Limited research interest has been focused on the understanding of culturally framed geology knowledge in comparison with more mature ethnosciences such as ethnobotany or ethnogeography. Ethnogeology is the scientific study of human relationships with and knowledge of the Earth system, generally investigated within the context of a specific culture, through the implementation of field geologic and field ethnographic methods. The purpose of this paper is to present the use of cultural consensus analysis for the exploration of culturally framed knowledge of geological processes. We used rapid assessment methods from the discipline of field ethnography with local cultural consultants, to construct a cultural consensus questionnaire about karst processes and riverine geomorphology in Puerto Rico (PR) and the Dominican Republic (DR). We employed the results from structured interviews and identified common themes that we organized as a cultural consensus model (CCM). Our results indicate a CCM for the knowledge domain of karst processes and riverine geomorphology that is shared by inhabitants of karst regions in DR and PR, which constitutes a reliable system of local ethnogeologic knowledge. Conceptual key elements of the model include use of metaphors and analogies to describe geomorphic processes and speleothem. We discuss the use of rapid assessment and cultural consensus analysis as a method for ethnogeological research, and the implications for place-based geoscience education, participatory research, and geoheritage.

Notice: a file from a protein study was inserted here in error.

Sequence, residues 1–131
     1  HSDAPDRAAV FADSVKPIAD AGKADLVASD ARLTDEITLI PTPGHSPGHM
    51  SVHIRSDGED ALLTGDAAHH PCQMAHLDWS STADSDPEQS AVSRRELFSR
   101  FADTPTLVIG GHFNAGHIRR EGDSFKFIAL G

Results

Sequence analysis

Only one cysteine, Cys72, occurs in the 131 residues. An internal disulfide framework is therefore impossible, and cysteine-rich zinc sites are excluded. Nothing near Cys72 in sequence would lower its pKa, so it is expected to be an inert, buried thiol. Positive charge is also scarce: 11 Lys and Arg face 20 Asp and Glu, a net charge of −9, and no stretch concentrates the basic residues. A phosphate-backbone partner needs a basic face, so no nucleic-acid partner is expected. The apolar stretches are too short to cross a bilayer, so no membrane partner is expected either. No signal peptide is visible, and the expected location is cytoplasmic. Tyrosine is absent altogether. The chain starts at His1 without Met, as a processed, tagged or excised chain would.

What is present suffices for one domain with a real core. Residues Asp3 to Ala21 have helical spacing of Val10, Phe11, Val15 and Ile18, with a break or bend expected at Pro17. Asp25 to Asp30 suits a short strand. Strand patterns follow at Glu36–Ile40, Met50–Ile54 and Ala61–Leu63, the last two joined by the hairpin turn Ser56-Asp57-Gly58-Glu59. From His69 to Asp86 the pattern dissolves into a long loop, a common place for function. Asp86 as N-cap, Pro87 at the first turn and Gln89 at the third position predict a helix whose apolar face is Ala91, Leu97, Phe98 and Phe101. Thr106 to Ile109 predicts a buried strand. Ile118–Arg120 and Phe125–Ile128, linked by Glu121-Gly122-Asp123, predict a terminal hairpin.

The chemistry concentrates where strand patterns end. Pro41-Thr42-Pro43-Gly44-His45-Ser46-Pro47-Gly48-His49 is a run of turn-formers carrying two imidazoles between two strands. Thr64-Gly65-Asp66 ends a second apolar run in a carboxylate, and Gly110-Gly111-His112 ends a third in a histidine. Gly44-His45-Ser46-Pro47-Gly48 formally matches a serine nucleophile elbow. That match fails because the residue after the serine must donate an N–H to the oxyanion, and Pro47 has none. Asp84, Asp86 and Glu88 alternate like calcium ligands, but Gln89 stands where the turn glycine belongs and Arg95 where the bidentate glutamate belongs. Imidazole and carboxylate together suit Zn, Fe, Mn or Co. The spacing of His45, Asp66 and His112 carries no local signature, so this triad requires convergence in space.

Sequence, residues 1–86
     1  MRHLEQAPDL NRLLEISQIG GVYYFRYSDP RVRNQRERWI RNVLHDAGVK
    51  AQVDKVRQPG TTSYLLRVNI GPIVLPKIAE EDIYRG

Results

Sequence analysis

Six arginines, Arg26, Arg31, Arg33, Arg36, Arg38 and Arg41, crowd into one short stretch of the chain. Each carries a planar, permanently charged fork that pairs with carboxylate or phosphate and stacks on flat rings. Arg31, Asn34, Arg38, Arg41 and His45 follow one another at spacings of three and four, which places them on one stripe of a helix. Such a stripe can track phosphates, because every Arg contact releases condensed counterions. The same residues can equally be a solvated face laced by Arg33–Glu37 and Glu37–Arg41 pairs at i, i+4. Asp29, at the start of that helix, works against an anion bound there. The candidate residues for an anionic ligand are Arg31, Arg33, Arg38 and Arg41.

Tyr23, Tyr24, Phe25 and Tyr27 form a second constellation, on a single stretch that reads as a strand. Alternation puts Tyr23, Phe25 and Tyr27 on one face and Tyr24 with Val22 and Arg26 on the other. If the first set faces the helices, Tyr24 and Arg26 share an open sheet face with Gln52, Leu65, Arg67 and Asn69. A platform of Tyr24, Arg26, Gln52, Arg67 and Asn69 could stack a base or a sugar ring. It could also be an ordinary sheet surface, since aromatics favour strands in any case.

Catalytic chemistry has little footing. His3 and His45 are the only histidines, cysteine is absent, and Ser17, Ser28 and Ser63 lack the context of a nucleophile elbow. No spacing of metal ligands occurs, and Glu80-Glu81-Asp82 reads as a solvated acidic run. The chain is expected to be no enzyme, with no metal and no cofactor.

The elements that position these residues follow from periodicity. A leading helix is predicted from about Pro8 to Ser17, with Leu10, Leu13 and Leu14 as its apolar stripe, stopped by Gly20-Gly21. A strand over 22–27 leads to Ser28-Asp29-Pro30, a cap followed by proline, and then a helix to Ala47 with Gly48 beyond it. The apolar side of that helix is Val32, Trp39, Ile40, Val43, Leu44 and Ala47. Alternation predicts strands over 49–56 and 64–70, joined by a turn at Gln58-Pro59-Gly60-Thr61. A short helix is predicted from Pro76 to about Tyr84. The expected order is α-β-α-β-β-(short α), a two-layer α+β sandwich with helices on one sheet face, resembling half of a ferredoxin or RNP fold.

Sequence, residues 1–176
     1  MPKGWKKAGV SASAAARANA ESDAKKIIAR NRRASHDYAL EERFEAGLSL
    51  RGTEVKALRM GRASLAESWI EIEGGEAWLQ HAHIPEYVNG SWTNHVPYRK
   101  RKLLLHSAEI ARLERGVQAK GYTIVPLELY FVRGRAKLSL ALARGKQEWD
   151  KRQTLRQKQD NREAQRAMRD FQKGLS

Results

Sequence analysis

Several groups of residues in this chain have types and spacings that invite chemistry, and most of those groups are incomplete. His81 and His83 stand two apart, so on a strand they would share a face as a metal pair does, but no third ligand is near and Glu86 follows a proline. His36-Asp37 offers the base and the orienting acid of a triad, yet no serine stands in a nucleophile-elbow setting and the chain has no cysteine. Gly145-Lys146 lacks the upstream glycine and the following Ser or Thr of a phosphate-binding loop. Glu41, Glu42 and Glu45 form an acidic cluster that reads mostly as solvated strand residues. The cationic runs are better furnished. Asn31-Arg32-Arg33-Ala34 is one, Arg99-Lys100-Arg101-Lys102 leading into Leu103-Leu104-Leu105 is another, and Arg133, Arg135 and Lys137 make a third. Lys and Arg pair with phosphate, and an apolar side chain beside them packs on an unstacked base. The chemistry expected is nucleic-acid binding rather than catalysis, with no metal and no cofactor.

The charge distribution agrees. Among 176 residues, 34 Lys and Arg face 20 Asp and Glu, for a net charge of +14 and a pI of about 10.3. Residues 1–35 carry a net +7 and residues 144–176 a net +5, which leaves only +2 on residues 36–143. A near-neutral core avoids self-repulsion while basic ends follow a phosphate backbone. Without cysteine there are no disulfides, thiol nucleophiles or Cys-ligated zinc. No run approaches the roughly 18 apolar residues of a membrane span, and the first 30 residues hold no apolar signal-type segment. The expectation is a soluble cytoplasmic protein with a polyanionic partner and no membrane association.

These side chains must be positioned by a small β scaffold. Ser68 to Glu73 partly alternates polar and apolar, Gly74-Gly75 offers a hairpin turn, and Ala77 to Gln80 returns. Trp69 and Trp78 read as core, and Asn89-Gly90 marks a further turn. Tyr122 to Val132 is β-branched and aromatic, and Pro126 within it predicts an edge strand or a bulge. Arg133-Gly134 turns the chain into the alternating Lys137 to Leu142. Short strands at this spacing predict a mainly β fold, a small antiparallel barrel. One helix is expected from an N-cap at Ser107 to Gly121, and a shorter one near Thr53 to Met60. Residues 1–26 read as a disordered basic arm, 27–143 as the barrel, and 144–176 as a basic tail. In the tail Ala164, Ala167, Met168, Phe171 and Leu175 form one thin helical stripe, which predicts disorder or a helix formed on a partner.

- Caribbean culture
- Caribbean ethnography
- Caribbean karst
ASJC Scopus subject areas
- Geography, Planning and Development
- Nature and Landscape Conservation
- Earth and Planetary Sciences (miscellaneous)